There is no doubt that a Triple Witching Day brings notable price swings. Curious about how to capitalize on this?
Today I will try to unravel the enigma behind this event, its impact on the stock market, and the seasonal nuances accompanying it.
Mark your calendars for the third Friday of every last month in a quarter – March, June, September, and December. This is when Triple Witching unfolds. The term signifies the concurrent expiration of three specific securities: stock index futures, stock index options, and stock options. Interestingly, this phenomenon was previously referred to as the “Triple Witching Hour” — pointing towards the final hour of trading on these Fridays.
Upcoming Triple Witching Days in 2023 & 2024:
Three’s Company: The Dance of Stock Options, Futures, and Index Options
One of the primary implications of a Triple Witching Day is the surge in trading volume and market volatility. Traders and institutional investors scramble to offset, close, or roll over their positions. This leads to frenzied activity and abrupt price movements.
The simultaneous expiration of multiple derivatives can create temporary price inefficiencies. Savvy traders often seek out arbitrage opportunities that arise from price disparities between the underlying assets and their derivatives.
However, derivatives’ expiry isn’t the only thing that happens on the third Friday of every third month of the quarter. Indexes like the S&P, FTSE also adjust their values on this day (with the exception of Nasdaq 100, which does its annual rebalance only on the third Friday in December).
Historically some studies have suggested that Triple Witching Days tend to have a bullish bias, particularly in December. But this could simply be a reflection of the broader “Santa Claus Rally” phenomenon: where stock markets, especially in the US, have historically shown a tendency to rise during the last week of December.
While many investors are focused on Triple Witching Day itself, I decided to analyze a period of several trading days before and after the expiration date.
My primary focus was on understanding the impact on individual stock investments.
When is the right time to bite an Apple?
The event chart below shows the average course of Apple in the ten trading days before and after the Triple Witching expiration days.
The chart was calculated over the past ten years, during which there have been 40 Triple Witching Days. The horizontal axis shows the number of trading days before, and after, the event took place. The vertical axis shows the average trend in percent.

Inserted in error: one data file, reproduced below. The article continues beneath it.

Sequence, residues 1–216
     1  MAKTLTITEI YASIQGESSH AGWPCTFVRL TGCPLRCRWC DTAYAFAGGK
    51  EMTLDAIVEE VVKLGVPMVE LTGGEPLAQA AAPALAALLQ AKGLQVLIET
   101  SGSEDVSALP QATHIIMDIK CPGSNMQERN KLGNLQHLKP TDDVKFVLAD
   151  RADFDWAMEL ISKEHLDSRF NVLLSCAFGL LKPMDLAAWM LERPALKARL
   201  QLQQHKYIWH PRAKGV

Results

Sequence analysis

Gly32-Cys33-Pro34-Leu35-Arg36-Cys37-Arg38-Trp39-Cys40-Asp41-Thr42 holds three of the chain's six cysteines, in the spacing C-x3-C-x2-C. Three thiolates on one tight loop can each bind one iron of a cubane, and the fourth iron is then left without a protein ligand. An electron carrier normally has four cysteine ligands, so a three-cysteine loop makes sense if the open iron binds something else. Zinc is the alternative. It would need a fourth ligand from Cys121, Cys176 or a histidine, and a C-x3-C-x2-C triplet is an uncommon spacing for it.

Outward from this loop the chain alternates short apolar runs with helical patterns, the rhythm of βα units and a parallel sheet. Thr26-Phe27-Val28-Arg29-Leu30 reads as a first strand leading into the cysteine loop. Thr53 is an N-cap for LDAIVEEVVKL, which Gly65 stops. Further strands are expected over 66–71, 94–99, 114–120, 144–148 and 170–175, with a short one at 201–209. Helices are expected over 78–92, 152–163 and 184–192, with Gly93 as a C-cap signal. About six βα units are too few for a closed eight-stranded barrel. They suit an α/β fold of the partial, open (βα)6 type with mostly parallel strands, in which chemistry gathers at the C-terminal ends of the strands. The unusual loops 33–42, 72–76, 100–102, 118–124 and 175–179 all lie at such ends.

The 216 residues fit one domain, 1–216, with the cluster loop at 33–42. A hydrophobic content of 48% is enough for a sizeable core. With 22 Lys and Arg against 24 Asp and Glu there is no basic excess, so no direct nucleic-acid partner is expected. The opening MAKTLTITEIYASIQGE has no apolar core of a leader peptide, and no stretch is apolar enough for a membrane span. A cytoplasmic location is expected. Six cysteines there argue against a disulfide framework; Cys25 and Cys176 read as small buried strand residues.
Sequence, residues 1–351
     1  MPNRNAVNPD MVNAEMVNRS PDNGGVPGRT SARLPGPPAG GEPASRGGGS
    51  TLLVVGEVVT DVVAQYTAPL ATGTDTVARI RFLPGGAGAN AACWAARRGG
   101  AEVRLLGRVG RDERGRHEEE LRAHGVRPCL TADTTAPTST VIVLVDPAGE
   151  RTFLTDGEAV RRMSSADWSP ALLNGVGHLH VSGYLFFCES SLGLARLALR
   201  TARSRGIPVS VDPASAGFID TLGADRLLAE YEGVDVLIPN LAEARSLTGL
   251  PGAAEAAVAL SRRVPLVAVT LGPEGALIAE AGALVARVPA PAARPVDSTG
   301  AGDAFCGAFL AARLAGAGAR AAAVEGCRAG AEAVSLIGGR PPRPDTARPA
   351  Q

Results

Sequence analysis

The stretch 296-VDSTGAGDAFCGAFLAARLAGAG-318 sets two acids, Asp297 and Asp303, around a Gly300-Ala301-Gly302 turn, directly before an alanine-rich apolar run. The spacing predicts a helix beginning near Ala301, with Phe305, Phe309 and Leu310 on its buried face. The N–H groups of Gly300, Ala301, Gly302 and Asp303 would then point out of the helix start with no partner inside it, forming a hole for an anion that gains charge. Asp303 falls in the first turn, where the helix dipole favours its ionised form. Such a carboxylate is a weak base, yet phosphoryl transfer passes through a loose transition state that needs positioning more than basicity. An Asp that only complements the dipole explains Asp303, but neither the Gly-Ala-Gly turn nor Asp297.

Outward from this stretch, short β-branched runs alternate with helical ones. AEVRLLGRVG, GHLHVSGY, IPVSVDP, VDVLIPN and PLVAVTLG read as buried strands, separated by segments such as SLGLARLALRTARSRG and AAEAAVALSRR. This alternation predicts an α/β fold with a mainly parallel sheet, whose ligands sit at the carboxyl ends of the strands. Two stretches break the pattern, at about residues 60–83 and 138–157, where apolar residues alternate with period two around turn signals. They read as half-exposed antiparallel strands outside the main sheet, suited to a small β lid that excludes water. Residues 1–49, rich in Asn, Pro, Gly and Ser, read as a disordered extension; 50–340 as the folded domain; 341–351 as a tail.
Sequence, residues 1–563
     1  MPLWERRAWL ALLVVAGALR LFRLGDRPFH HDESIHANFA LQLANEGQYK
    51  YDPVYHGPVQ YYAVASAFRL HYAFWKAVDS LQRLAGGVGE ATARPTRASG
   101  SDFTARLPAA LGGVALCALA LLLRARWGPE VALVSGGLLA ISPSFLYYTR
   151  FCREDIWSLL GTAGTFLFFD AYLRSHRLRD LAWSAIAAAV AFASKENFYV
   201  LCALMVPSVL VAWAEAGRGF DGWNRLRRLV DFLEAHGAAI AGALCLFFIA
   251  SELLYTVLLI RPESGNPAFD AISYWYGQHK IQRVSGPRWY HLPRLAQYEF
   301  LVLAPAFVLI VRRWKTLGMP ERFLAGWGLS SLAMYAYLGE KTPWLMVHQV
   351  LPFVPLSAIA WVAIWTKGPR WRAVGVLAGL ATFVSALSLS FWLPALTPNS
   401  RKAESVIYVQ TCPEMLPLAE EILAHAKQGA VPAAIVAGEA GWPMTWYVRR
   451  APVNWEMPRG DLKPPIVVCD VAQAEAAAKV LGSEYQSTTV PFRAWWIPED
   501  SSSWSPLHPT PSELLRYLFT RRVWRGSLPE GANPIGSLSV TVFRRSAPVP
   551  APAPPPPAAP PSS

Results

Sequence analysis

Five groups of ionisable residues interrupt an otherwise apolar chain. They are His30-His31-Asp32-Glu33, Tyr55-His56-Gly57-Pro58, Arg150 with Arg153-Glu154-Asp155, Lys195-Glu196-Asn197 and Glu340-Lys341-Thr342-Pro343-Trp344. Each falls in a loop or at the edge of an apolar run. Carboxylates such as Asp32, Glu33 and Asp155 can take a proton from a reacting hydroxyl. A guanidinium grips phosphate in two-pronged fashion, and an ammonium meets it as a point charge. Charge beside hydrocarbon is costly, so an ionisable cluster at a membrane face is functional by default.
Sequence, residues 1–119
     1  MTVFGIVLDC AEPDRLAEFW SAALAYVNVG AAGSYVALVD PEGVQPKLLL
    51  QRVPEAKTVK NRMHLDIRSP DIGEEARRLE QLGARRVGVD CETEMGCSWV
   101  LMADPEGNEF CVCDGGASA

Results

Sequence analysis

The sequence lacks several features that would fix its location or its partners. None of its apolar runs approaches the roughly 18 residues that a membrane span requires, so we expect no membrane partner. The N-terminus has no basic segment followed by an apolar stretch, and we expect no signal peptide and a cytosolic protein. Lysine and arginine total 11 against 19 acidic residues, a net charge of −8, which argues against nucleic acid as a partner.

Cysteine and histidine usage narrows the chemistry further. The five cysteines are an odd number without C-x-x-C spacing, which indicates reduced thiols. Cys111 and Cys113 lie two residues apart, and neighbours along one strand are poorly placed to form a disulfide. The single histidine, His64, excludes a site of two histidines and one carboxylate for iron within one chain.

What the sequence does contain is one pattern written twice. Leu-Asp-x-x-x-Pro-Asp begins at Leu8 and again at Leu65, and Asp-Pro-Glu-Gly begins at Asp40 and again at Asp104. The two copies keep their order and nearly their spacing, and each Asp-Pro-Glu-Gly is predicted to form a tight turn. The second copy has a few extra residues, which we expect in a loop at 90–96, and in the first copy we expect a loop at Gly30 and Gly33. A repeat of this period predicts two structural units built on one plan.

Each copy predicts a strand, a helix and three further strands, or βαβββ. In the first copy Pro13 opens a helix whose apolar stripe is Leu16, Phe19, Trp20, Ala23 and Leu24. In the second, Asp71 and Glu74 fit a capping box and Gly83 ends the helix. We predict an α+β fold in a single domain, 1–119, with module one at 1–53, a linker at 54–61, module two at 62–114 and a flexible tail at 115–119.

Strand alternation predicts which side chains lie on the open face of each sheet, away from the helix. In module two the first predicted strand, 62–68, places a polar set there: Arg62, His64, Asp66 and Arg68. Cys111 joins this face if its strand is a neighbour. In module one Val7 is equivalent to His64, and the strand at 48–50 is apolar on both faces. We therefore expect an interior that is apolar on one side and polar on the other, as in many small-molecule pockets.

The red line marks the day of the event the Triple Witching Day. In this way you can see at a glance what the typical course of Apple share prices look like around the Witching Days.
Average price move of Apple in the 10 days before and after Triple Witching Day
Source: Seasonax – Chart is based on 40 events between 2013 and 2023 . Click here http://tiny.cc/Apple-TripleWitching to access an interactive chart
It’s evident that Apple’s price usually drops two days prior to Triple Witching expiration, with an average decline of 1.20% over these two trading days.
For you as an equity investor, it’s statistically favorable to buy this particular stock close to the end of a Triple Witching Day. You can use this effect as a trader, but also as a long-term investor, to improve your entry timing.
Mind over Market
There’s also a psychological aspect to Triple Witching Day. Some traders tend to be superstitious, believing that these days bring bad luck or are a precursor to unfavorable market shifts. While this might sound irrational, the collective belief can sometimes sway market sentiment and become a self-fulfilling prophecy.
Some of the most turbulent days in the stock market have coincided with Triple Witching, such as in 1992 when sell-offs in IBM, General Motors, and other blue chips led to a significant market decline on a Triple Witching Friday.
While being aware of the price movements around the Triple Witching Day are a great help in improving investment returns, it’s essential to remember that, like all market phenomena, it’s just one of many factors that influence stock prices.
By using the Seasonax Event Feature, you can examine different events reaching from economic data releases, central bank decisions, specific holidays or even the turn of the month effects. Try them out now: www.seasonax.com
Co-Founder and Managing Partner of Seasonax